Opportunity comes in many forms. It knocks. It forms a window. Or it opens a door. Or maybe a door closes, and a window of opportunity opens. Whichever proverb frosts your cupcake.
Successful fundraising and grant seeking require recognizing and acting on opportunities as they appear—or as you create them.
Not all opportunities are best for your nonprofit or agency. Make it your job as a fundraiser, grants professional, development director, or consultant to carefully consider two key questions.
- Is this opportunity the right fit for the needs of the community we serve?
- Will this opportunity be the best use of staff time and resources based on the potential dollar amount, the time required, or other outcomes that are essential to the success of your programs and services?
Finding that “right-fit” opportunity is most challenging in grant seeking. We have all felt the pressure from directors, board members, supervisors, mayors, and even from ourselves to go after as many grants as possible. Challenging times can pressurize the grant search. Foundations, government agencies, and corporate giving can abruptly change focus, timing, and grant amounts during turbulent times.
Your inbox may fill with well-meaning forwards of grants, and the temptation is to say yes to all of them when times are tough. That is actually the moment to double down on reviewing those grant opportunities. For example, your boss just sent you an email about a grant that funds in your geographic area and in the community you serve. You read through the detailed Request for Proposal (RFP) or Notice of Funding Availability (NOFA) and see that the grant is due in one week and is restricted to program supplies, vehicles, and hardware. What your nonprofit desperately needs, according to your strategic plan, community feedback, and demand for services, are more teachers, counselors, or nurses.
Going after a grant that is not funding what you need and takes time away from other grants on your calendar that are a better fit is not a good use of your time or your agency’s resources. Spend too much time chasing money, and you may end up with an agency that starts programs that aren’t sustainable, warehouses equipment that no one knows how to use, and ultimately cannot serve the very community that it should.
Apply the same logic to fundraising activities which are usually not as restricted as grants but can require enormous amounts of staff resources and funding in proportion to the money generated. Traditional fundraising galas are often the biggest offenders. They require hundreds of hours of staff time and thousands of dollars in either sponsorships or operating funds for venue rental, catering, auction items, decoration, permits, and marketing. Yet board members and agency leaders may see them as great ways to raise awareness, connect new people to the organization, and raise money. Unless the gala is already well-established and supported, includes celebrities of some kind, and/or is a renowned social event, the cost in staff time and expenses is often not a great return on investment.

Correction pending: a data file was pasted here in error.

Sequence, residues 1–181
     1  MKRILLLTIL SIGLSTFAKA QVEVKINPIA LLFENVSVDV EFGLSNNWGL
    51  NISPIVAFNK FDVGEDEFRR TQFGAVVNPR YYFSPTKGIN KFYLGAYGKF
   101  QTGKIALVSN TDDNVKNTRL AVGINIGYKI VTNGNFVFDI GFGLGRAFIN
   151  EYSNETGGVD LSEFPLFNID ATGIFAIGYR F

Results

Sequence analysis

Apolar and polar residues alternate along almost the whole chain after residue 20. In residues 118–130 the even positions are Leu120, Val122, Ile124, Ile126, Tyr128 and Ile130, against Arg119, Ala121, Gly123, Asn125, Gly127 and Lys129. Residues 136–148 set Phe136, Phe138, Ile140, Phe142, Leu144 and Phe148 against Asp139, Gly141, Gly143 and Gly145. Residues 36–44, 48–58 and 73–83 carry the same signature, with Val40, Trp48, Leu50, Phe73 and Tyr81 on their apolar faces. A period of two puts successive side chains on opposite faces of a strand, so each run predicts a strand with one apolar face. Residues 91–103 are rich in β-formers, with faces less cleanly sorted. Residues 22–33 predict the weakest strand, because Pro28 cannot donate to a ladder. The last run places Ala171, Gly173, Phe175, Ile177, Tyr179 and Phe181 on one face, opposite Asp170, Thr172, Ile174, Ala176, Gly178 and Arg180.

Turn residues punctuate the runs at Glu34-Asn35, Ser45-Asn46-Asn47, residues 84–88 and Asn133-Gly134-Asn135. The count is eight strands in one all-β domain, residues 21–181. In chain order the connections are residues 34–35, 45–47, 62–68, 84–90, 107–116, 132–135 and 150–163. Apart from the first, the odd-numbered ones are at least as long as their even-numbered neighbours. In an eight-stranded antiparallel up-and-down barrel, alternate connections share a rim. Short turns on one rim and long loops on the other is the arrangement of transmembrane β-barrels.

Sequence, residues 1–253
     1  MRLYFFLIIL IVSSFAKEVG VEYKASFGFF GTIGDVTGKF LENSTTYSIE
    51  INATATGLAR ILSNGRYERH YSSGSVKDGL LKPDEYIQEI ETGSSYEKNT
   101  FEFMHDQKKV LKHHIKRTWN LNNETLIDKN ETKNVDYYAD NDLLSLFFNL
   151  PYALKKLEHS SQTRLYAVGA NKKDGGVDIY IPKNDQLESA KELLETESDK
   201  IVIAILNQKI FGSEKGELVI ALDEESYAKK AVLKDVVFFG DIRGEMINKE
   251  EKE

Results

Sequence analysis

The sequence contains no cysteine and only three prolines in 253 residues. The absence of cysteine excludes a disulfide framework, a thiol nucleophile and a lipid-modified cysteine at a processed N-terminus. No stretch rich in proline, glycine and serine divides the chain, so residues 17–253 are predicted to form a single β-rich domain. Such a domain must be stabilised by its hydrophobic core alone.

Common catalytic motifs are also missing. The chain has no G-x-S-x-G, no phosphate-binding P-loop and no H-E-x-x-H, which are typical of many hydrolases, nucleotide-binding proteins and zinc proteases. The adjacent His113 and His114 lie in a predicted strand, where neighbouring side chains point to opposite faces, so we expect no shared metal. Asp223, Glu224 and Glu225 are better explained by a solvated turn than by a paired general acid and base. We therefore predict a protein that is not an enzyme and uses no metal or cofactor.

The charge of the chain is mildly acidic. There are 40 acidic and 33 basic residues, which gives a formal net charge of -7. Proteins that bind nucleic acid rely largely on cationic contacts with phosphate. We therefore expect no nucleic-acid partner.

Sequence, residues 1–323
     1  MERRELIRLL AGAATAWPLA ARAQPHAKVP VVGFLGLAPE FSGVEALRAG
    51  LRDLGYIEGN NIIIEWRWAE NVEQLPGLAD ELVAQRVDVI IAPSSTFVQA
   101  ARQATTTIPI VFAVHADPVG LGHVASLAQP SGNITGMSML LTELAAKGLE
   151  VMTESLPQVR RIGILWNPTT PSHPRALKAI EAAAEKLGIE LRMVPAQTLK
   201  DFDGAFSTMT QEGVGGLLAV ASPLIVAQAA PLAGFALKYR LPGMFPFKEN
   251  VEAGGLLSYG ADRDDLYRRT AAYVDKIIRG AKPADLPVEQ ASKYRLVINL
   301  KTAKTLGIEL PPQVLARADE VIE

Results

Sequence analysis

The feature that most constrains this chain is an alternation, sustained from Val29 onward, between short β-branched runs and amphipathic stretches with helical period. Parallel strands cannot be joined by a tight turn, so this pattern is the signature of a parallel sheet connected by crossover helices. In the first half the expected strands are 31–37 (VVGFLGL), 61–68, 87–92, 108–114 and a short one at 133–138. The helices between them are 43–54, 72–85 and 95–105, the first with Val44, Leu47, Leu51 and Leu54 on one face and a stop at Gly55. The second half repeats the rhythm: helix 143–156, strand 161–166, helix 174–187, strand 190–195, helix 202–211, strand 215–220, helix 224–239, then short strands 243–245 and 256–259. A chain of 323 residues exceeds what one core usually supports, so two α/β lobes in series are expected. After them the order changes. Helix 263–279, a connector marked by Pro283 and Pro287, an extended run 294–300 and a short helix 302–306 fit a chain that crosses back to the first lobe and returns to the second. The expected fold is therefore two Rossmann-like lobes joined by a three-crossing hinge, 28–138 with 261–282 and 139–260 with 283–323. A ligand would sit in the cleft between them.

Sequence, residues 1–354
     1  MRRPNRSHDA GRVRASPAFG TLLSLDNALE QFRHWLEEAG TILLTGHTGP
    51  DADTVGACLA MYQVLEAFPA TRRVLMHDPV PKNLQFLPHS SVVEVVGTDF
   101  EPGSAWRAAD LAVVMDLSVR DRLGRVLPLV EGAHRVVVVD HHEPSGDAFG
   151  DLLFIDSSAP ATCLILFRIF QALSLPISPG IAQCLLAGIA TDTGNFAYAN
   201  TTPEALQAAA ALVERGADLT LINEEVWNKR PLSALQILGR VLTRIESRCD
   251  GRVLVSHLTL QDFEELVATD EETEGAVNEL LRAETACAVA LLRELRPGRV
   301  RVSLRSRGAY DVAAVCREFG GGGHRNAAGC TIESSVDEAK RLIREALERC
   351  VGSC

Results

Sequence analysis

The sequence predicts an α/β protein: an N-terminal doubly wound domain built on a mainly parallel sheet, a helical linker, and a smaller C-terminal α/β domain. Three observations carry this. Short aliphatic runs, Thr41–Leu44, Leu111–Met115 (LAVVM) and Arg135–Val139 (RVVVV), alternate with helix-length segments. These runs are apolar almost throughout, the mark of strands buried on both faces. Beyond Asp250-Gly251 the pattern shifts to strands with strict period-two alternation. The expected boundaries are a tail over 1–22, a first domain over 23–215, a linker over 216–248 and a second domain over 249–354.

The COVID-19 pandemic has forced most galas to online events, a trend that will probably continue well into 2021. Other agencies shelved their galas or transformed them into no-show events through social media, email, and direct mail campaigns. The total funds raised through these new efforts may not match the gross generated by in-person galas, but I would bet that the net funds raised (total minus real expenses) will actually be a better return on investment. Less time choosing centerpieces and wrangling guest lists, and more time starting or growing a monthly giving program or checking in with loyal donors will most likely result in more donations in the long run—especially for smaller agencies that lack event staff.
Tracking time spent on grants will also help separate the proverbial wheat from the chaff for deciding which grant opportunities to pursue. Sadly, there is no direct correlation between the size of the grant award and the complexity of the proposal. I have spent 30 hours pulling together 154 pages of narrative and attachments for a grant of $20,000, and 12 hours on a proposal letter that garnered $12 million. Even if you are a salaried employee, tracking time spent on grants offers a quick calculation of return on investment by grant. This bit of empirical data can bolster your arguments for which grants will offer the best payoff for your organization.
If you have never tracked time spent on fundraising or grant writing by project, here are some quick, free ways to get started. I have used the free on-line version Toggl for several years, starting when I was a development director, to educate myself and the leadership team on what took most of my time. A simple Excel spreadsheet, a table in Word, or handwritten notes in your planner are alternatives—depending on your work style and preferences.
Seizing the day with the right opportunities in grant writing and fundraising means considering all aspects of your agency’s return on investment. Stepping up with concrete information about best fit, time, and resources involved helps you raise more money to do more good things.
I would love to know how you are measuring time and resources in fundraising and grant writing and what tools you use. Please share what has worked for you in the comments below.
DH Leonard Consulting & Grant Writing Services, LLC is so excited to be season 3 sponsors for Fundraising HayDay, a podcast about grants and such. Catch up on season 1 & 2 and stay up to date on the new season here.
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